A LADY'S MANIFESTO

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Sometimes I come upon things in my reading that remind me exactly why we do the things we dowhy we at Lady are so passionate about living a beautiful, intentional life. Alice Waters is the legendary head chef and proprietor Chez Panisse in Berkeley, where she helped create "California Cuisine" and radically shift American views about taste and local produce. Innate to her quest was her desire to bring people "to their senses"not just with the taste and smell of food, but also visuallymaking everyone more aware of the world around them. For her (as for us), this desire for beauty and sensation isn't rooted in a display of wealthat Lady we believe it can be cultivated anywhere and have always sought to help others capture it in their own lives.

For more on Alice, listen to this wonderful interview on NPR from 2011, where she reminisces about the first 40 years of Chez Panisse. - LMH

 

All quotes below from Alice Water's

Coming to my Senses

(Penguin/Random House, 2017). 

I really believe that nature is everybody’s mother—and I think our disconnection from it is the reason for so many of the problems we have now. We haven’t experienced nature, neither its beauty nor its nourishment. We’ve been thrown into city streets and left to fend for ourselves. Beauty is a word that the fast-food culture has taken from us—we have no idea what it means anymore. They call things beautiful, and they aren’t. We’ve been made to feel that beauty is expensive—that you can’t afford it, that beautiful things are only for the people who make a lot of money: “Come on, make a ton of money so you can have beauty, too!”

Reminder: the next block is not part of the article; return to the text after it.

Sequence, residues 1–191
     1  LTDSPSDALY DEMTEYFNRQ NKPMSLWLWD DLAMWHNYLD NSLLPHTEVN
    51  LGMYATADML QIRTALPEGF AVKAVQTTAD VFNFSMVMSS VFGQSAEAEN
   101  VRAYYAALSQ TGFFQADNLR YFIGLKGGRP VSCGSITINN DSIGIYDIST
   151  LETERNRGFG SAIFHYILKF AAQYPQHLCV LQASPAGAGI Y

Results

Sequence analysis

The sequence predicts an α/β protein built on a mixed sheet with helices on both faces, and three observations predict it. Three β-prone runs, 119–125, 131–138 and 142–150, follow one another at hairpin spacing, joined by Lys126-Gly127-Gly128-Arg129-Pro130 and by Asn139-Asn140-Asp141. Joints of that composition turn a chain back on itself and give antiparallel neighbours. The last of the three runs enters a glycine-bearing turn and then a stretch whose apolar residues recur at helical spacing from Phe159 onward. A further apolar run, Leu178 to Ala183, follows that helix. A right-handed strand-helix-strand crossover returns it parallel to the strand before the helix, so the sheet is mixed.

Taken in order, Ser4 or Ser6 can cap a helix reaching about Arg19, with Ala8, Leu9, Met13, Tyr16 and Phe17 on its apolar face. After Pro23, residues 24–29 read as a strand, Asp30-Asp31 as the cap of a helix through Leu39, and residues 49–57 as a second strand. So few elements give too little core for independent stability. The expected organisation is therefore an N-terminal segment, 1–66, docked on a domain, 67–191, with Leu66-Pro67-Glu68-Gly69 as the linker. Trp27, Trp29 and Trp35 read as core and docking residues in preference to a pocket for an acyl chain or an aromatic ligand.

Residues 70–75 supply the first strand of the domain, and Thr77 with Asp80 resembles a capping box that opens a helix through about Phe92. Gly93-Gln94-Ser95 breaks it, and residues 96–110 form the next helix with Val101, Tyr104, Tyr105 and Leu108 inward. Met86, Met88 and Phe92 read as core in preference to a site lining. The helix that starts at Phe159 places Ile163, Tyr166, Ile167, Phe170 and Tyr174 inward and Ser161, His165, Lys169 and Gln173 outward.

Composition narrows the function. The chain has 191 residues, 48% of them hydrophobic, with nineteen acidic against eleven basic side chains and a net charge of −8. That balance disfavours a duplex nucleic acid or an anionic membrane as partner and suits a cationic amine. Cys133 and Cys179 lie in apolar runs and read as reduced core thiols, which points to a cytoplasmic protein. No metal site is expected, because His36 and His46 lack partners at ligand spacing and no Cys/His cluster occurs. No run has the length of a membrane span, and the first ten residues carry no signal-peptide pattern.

Alice Waters inside her restaurant, Chez Panisse, in Berkeley, California. Photo by Susan Wood, 1982.

Alice Waters inside her restaurant, Chez Panisse, in Berkeley, California. Photo by Susan Wood, 1982.

But you can make your house beautiful no matter what. It can be about something as simple as putting colored glass bottles on the windowsill, like Aunt Ina, or lighting candles... Walking into a space that’s beautiful—whether it’s a room in your own home or somewhere out in the world—is a huge enticement. And when something is beautiful, everybody realizes it. It’s like walking into a grove of old-growth redwoods or witnessing an extraordinary sunset—there isn’t one person who isn’t dumbfounded. It doesn’t matter what you’re thinking about or who you are. You see that kind of beauty, and you’re awestruck.
 Waters at Chez panisse in the early 1970s. 

Waters at Chez panisse in the early 1970s. 

This is the thing: I don’t think recognizing or creating beauty around you is a skill limited to gifted or wealthy people. Aunt Ina and my mother introduced me to nature and showed me how to recognize beauty. It’s a matter of discernment and appreciation, but anybody who is educated in a certain way is able to see that beauty. The fast-food culture deprives children of seeing the beauty around them; they’re not experiencing it, not touching it, not smelling it, not living it through their senses. It’s about everything in life: What do you want to look at while you’re washing the dishes? Can you make your own lampshade rather than buy it? What sort of rose can you plant in your garden? What herbs can you plant on your fire escape? What kind of pan do you want sitting on the stove? What kind of handle does it have?
 Alice Waters outside of Chez Panisse in Berkeley, California. Photo by Susan Wood, 1982.

Alice Waters outside of Chez Panisse in Berkeley, California. Photo by Susan Wood, 1982.

This was ultimately the way I thought about the design of Chez Panisse, in particular the design of the kitchen. I wanted the kitchen to be a beautiful space, not just for the patrons but for the people who worked there. And that didn’t mean spending a lot of money (because we certainly didn’t have a lot of it when we started). When you don’t have very much money, you have to be kind of inventive: we focused on creating orderliness to the space so it felt uncluttered and easy to access. Sometimes it just meant changing a lightbulb or framing a poster for the wall, or setting out a bowl with beautiful ingredients. Aesthetically, a beautiful work space made me feel comfortable and inspired. It shouldn’t be an afterthought. The right environment around you can make whatever job you’re doing pleasurable, no matter how small the task.
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